Tuesday, May 14, 2013

Out of my comfort zone

By Carl

Well, writing about boobies is not out of my comfort zone, but writing about celebrities is:

Angelina Jolie has made a tough decision that will forever change her life. The 37-year-old actress reveals that she underwent a double mastectomy in an attempt to reduce the odds that she will get breast cancer. In a New York Times column that came out Tuesday, Jolie admits that she had the surgery back in February and the last of the follow-up procedures done in April.

Jolie decided to get the surgery done because she had a high risk of getting breast cancer. "My chances of developing breast cancer have dropped from 87 percent to under 5 percent," Jolie writes. "I can tell my children that they don’t need to fear they will lose me to breast cancer." Doctors also told her that she has a 50 percent chance of getting ovarian cancer.

Jolie's partner and the father to their six children has been extremely supportive throughout the experience. "I am fortunate to have a partner, Brad Pitt, who is so loving and supportive," she says. "Brad was at the Pink Lotus Breast Center, where I was treated, for every minute of the surgeries."


I have very mixed feelings about this story. On the one hand, I’m glad that she’s gone public with an alert about breast cancer. It will reinforce the point that anyone, man, woman, rich, poor, can contract this horrible disease: money and fame will not insulate you.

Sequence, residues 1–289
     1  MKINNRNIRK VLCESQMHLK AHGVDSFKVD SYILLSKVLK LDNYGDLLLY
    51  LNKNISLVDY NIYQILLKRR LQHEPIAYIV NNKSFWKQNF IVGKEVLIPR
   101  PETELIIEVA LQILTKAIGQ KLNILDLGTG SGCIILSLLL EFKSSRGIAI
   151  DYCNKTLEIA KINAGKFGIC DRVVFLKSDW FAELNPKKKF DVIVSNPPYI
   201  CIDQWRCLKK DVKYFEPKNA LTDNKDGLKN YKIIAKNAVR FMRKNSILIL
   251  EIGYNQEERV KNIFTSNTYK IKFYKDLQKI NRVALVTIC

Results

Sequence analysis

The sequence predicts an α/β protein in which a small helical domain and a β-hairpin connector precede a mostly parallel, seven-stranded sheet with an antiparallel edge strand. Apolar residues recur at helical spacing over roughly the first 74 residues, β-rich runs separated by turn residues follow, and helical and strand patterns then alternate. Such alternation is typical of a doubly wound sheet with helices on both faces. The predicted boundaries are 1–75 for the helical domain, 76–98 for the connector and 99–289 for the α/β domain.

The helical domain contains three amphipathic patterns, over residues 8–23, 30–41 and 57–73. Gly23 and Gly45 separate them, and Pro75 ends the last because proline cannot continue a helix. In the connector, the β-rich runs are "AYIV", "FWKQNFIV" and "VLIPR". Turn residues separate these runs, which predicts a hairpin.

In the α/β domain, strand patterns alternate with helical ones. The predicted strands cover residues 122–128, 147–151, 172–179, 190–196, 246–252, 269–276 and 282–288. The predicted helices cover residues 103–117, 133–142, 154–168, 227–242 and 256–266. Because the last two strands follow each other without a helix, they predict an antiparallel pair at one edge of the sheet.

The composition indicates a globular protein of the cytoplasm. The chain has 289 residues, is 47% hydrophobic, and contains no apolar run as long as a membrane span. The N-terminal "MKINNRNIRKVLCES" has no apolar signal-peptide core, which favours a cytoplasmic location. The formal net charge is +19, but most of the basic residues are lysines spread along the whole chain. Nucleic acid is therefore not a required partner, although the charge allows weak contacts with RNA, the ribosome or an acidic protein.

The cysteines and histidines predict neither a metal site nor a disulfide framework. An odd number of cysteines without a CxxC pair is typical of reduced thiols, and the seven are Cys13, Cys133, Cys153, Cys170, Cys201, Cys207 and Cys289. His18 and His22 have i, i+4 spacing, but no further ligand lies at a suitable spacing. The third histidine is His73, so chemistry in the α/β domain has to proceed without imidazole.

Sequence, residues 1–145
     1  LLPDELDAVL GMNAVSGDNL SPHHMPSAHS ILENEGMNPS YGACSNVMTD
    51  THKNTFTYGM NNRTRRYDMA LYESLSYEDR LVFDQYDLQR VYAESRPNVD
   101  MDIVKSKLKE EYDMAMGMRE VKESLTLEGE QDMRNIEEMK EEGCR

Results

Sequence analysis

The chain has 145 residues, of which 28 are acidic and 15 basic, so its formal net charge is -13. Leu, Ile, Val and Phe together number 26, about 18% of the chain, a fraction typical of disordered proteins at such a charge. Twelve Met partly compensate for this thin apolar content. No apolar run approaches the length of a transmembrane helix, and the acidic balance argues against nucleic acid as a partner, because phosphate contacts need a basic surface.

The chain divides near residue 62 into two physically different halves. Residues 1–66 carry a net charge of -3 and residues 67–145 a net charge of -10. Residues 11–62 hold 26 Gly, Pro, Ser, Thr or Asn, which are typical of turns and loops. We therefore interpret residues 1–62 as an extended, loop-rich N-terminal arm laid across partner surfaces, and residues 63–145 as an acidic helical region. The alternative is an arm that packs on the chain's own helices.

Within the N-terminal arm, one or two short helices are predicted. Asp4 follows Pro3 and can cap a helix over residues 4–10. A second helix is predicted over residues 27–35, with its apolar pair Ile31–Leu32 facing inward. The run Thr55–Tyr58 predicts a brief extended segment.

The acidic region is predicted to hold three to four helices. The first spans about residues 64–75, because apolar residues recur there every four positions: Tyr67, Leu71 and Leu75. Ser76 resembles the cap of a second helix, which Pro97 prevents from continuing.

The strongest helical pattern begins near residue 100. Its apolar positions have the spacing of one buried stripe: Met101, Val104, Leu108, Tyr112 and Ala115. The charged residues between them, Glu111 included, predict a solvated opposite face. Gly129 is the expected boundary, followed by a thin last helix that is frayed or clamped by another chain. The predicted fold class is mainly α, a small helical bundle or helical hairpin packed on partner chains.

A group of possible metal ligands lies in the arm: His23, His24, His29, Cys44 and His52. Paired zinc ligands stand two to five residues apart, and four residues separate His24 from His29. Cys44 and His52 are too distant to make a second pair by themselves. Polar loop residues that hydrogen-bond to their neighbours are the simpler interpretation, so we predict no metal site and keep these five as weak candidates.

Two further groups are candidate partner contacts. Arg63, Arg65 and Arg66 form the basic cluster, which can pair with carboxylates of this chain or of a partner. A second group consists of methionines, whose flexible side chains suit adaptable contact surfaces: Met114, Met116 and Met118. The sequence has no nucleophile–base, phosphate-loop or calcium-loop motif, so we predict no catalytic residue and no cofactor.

On the other hand, a preventative double mastectomy is not something most people can afford or most insurance companies will pay for, and is a fairly radical treatment even given her 5 in 6 chance of developing cancer. If the upshot of her revelation is an huge spike in double mastectomies, we can be pretty sure that a lot of them were unnecessary, which means a lot of doctors and hospitals got a lot of money for what may have been essentially malpractice.

In the end, I guess this story has more benefits to society than a downside, and so I applaud her decision to come forward and reveal, before some tabloid interviewed a nurse at some hospital, a very personal and compelling story.

(Cross-posted  at Simply Left Behind)

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